The Minneapolis Police Department today released a chronology of events from last week's horrible workplace shooting in the city.
And there were plenty of details to be had, including the order in which people were slain, the personnel records of Andrew Engledinger, the man who did the shooting, Mr. Engledinger's police record (several incidents in which he was a victim), and the kind of gun he used. Over the weekend, we also learned that Mr. Engledinger's family had previous sought help for his apparent mental illness.
There's a lot of personal data there. And yet, there is one piece of information that will remain a secret, according to the FAQ the police department released today:
Is this something the gun lobby got included in the bill to allow it so that the information couldn't be used in situations like this? Be curious to know...or is this a discretionary decision the Police department made?
Under the concealed carry law, only the commissioner of public safety is authorized to release the data of concealed carry weapons used in a crime, and only in a report to the Legislature once a year.
In the last report for 2011, a little over 200 crimes were committed by a person with a concealed carry permit.
Following up on Joe's astute question...of the 200 crimes, how many resulted in bodily harm or murder v. total number of crimes that resulted in bodily harm or murder?
A most interesting fact from page 255:
"Number of lawful and justifiable use of firearms by permit holders: 0"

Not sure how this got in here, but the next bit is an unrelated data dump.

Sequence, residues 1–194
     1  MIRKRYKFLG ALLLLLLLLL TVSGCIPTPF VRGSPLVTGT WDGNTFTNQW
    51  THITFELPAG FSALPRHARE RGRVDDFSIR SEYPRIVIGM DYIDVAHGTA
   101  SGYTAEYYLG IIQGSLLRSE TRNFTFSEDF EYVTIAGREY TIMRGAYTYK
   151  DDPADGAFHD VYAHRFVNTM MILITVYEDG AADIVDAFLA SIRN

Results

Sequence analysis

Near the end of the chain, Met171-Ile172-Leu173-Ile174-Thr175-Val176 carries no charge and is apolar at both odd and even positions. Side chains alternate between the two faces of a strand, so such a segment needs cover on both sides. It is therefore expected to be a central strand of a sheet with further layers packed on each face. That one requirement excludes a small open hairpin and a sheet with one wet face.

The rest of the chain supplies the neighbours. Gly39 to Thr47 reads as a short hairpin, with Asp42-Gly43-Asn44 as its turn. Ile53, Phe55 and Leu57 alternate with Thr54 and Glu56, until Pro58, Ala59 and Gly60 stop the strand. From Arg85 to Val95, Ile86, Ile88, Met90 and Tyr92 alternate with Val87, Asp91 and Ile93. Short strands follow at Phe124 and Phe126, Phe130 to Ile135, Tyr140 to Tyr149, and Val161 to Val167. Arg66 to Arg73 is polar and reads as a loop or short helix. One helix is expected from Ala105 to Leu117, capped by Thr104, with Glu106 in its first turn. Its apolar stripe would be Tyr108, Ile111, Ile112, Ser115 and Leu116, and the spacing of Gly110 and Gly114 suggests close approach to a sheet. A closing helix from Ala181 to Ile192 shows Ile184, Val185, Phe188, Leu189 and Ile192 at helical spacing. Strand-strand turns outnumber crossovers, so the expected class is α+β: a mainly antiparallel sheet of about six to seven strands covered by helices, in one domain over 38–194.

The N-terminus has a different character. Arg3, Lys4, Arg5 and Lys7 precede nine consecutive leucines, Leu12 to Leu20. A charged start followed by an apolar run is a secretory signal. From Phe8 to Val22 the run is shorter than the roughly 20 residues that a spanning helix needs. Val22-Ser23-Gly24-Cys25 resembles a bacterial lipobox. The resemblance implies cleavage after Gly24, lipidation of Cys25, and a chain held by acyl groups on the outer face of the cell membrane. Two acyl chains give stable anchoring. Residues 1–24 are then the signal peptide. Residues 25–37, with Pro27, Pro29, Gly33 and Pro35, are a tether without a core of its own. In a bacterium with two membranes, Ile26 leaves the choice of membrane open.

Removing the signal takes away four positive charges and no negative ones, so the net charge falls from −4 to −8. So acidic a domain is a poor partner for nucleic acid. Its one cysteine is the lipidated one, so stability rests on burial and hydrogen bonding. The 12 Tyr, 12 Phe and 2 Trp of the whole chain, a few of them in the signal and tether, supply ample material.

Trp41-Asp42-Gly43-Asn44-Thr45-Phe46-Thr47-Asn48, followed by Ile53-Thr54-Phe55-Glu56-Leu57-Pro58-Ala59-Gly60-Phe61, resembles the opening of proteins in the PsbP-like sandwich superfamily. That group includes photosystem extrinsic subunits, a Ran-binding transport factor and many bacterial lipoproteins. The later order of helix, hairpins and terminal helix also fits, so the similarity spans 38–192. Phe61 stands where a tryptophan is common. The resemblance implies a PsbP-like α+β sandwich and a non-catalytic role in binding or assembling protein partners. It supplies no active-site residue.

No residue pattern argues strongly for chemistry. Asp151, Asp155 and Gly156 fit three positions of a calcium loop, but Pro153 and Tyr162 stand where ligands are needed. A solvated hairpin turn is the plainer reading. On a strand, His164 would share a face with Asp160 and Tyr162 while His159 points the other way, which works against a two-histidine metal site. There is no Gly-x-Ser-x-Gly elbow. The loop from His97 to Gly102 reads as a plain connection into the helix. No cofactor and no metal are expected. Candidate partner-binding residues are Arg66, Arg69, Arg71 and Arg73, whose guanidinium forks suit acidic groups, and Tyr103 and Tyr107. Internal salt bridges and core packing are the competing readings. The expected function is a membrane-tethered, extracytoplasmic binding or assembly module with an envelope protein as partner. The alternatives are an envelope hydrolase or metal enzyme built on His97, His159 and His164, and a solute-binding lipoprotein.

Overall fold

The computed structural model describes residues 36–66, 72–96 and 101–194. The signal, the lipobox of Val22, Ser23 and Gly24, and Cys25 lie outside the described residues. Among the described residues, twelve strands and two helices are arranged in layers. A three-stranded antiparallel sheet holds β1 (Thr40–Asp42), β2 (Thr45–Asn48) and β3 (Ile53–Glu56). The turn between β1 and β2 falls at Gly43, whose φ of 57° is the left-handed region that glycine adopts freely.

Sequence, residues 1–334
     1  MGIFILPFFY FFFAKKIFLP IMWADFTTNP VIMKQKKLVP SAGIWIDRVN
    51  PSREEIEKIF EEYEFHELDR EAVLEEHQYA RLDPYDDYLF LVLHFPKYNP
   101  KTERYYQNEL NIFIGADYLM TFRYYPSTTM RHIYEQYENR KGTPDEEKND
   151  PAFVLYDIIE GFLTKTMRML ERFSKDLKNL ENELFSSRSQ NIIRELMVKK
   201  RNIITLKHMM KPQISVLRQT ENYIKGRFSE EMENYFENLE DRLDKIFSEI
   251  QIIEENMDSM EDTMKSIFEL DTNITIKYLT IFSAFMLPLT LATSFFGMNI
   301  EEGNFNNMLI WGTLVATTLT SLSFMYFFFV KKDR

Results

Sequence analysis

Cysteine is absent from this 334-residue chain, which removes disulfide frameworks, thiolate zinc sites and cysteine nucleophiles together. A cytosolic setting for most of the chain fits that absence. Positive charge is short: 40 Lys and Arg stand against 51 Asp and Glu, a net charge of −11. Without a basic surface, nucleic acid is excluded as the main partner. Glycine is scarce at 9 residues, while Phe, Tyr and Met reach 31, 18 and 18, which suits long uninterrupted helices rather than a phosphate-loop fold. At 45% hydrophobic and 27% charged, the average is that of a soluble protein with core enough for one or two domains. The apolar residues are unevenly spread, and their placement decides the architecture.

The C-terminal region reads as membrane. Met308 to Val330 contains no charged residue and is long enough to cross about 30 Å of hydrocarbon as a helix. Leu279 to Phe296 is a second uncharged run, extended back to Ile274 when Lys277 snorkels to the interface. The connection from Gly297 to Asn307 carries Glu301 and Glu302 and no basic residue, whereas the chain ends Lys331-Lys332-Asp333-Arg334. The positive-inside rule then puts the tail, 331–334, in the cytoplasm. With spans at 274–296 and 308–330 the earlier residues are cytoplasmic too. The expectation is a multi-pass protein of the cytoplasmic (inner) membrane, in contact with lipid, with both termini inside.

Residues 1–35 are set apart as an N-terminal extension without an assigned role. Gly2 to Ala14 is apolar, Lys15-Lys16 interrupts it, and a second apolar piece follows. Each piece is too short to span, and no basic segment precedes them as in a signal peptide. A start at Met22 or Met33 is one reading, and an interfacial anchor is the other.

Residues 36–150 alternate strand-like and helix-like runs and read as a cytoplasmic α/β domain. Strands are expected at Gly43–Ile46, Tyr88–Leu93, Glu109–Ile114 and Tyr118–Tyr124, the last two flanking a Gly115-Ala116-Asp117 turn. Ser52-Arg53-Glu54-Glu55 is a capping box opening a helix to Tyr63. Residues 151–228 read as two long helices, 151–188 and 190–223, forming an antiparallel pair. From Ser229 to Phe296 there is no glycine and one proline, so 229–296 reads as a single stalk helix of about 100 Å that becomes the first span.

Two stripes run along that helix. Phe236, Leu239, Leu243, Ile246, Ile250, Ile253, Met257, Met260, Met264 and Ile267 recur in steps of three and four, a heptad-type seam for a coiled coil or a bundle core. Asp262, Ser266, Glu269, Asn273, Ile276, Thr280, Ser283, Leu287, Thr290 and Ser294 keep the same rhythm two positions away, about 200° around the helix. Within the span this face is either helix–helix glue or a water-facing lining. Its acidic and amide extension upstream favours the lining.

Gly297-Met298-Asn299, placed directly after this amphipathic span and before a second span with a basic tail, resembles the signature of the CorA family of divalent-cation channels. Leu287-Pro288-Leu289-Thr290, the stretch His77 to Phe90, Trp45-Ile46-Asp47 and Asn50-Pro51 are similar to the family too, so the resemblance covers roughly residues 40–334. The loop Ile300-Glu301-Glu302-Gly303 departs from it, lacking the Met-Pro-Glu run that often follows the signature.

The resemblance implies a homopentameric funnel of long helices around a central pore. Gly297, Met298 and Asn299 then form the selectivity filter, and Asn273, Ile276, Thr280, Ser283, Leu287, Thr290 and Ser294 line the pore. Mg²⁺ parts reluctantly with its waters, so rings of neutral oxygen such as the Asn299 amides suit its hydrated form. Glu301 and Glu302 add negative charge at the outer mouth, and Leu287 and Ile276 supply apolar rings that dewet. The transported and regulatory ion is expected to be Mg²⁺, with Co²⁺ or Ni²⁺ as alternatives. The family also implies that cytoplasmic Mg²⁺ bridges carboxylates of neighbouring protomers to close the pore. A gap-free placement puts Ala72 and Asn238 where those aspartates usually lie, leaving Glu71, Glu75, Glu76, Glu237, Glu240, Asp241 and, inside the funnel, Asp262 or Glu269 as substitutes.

Over 90,000 armed Minnesotans, several having used guns to commit crimes, yet none of these armed citizens have ever provided defense against the bad guys.
// Over 90,000 armed Minnesotans, several having used guns to commit crimes, yet none of these armed citizens have ever provided defense against the bad guys.
I'm not sure how good the data is there. Right off the top of my head, there's the Burnsville (I think it was Burnsville; might've been Bloomington) case in which a guy chased down the purse snatcher and killed the perp.
Bob I think that might have been Plymouth.
Regardless 'chasing' the perp was not considered lawful and justifiable.
// Regardless 'chasing' the perp was not considered lawful and justifiable.
Ah, here it is; I found it. It was Minneapolis. The only thing that would have made it unlawful and unjustifiable (in legal terms) would be criminal charges.
"While this man is to be commended for helping his fellow citizen in need, a note of caution is appropriate. We prefer that armed citizens do not chase after criminals. Too much can go wrong with deadly consequences," County Atty Mike Freeman said in ruling self defense.